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TravelUnited adds wheelchair accommodation filter to its flight search results

United adds wheelchair accommodation filter to its flight search results

United Airlines began rolling out a new tool Thursday aimed at making travel easier for passengers who rely on wheelchairs for mobility.

The airline introduced a new filter on its search results page that allows passengers to enter their wheelchair’s specifications, and prioritize flights on aircraft that can accommodate that particular mobility device.

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The tool, which United first announced last fall, identifies flights based on the physical dimensions of the wheelchair and the type of power source it uses.

After searching for a flight on the airline’s website or mobile app, passengers can select the “Wheelchair” option and enter their details.


If a customer has to book a more expensive itinerary in order to be on an aircraft that can accommodate their wheelchair, United will refund the fare difference, the airline said.


Different aircraft have different-sized cargo doors and holds, which can present a challenge for passengers who need to travel with a wheelchair, particularly those with specialized or customized equipment.

Separately, the airline said it is testing a new program at its Houston hub at George Bush Intercontinental Airport (IAH) to trial new ways to help passengers if their wheelchair is damaged or lost in transit.

The airline did not share many details of the program in its announcement but said that it would focus on the time between when a customer’s flight arrives and when they’re either reunited with a lost wheelchair or provided an “appropriate” loaner to use while their wheelchair is located or fixed.

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“The more we know about a customer’s device, the more likely their experience will be a good one – from booking and check-in to the flight itself,” Linda Jojo, an executive vice president and the chief customer officer at United, said in a statement. “These new tools and policies also set our employees up for success, especially those working on the ramp or at the gate.”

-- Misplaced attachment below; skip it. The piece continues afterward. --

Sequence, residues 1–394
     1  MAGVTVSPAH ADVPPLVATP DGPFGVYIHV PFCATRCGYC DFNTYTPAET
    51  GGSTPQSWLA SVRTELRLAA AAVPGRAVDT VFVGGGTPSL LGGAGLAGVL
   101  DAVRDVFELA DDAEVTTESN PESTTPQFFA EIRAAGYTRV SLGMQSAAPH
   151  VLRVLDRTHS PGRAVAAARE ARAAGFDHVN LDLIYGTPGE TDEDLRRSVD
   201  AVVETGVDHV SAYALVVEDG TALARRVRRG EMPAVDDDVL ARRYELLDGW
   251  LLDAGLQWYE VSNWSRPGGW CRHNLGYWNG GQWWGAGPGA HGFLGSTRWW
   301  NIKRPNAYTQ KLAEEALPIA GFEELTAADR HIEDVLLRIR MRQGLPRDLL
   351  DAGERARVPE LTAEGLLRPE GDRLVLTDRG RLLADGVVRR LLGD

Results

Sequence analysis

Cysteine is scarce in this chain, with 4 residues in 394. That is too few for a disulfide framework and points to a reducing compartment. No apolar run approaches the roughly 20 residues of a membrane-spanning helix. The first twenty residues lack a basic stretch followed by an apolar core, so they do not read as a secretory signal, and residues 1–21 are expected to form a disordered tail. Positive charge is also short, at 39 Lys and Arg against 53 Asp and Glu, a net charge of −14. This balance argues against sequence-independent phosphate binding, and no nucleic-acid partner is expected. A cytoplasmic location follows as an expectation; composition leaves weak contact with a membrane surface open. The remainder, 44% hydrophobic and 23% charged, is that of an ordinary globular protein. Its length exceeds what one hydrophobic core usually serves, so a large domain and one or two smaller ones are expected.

While the new tool should prove helpful, it does have limits for some passengers, including those traveling to or from smaller airports that are only serviced by regional aircraft, meaning there’s no larger plane that they can try to fly on. The tool only includes flights operated by United itself, rather than all Star Alliance partner flights. And passengers whose wheelchairs are lost or damaged at airports other than IAH will not benefit from the pilot until — or unless — it’s expanded.

Even so, the announcement marks a relatively major step by an airline to improve how it approaches accessibility, an ongoing challenge for both airlines and affected passengers.

Improving accessibility: United will add Braille signage throughout its aircraft, an accessibility first

The difficulties faced by wheelchair users while traveling have come under increasing scrutiny since late 2021, following the death of a disability advocate.

Engracia Figueroa, 51, died several months after a United Airlines flight on which airline workers allegedly damaged her $30,000 custom wheelchair by mistake. While sitting in a loaner wheelchair at the airport — a broken manual wheelchair — she reportedly developed a pressure sore, which her family argued led to complications that ultimately resulted in her hospitalization and death.

United and its regional airlines carried 152,549 wheelchairs and mobility scooters in 2023, according to data from the Department of Transportation’s Bureau of Transportation Statistics. Of those, 1,761 were mishandled in some way, or 1.15%.

The BTS defines mishandled baggage and wheelchairs as any that are checked into the cargo hold and are “lost, damaged, delayed, and pilfered.”

In recent years, accessibility in the air has become a bigger conversation, whether the topic is the safe handling of passengers’ wheelchairs, lavatory sizes or the real-world practicality of evacuation safety standards.

In July, United began adding Braille signage to its aircraft cabins, making it easier for passengers who are blind or have significant vision impairment to identify their seats and various areas inside and outside of lavatories.

Last month, the Department of Transportation proposed new rules that would sharply penalize airlines for mishandling passengers’ wheelchairs while imposing new training and operating standards for carriers.

Related: DOT proposes sweeping rules for how airlines handle passengers’ wheelchairs

“The basic promise of transportation is the idea that everyone should be able to travel safely and freely to the places that they need to be,” Transportation Secretary Pete Buttigieg said during a conference call with the media in February ahead of announcing the new proposal. “If a person is not able to travel, simply because someone else decides that it’s too hard to accommodate them, the world shrinks.”

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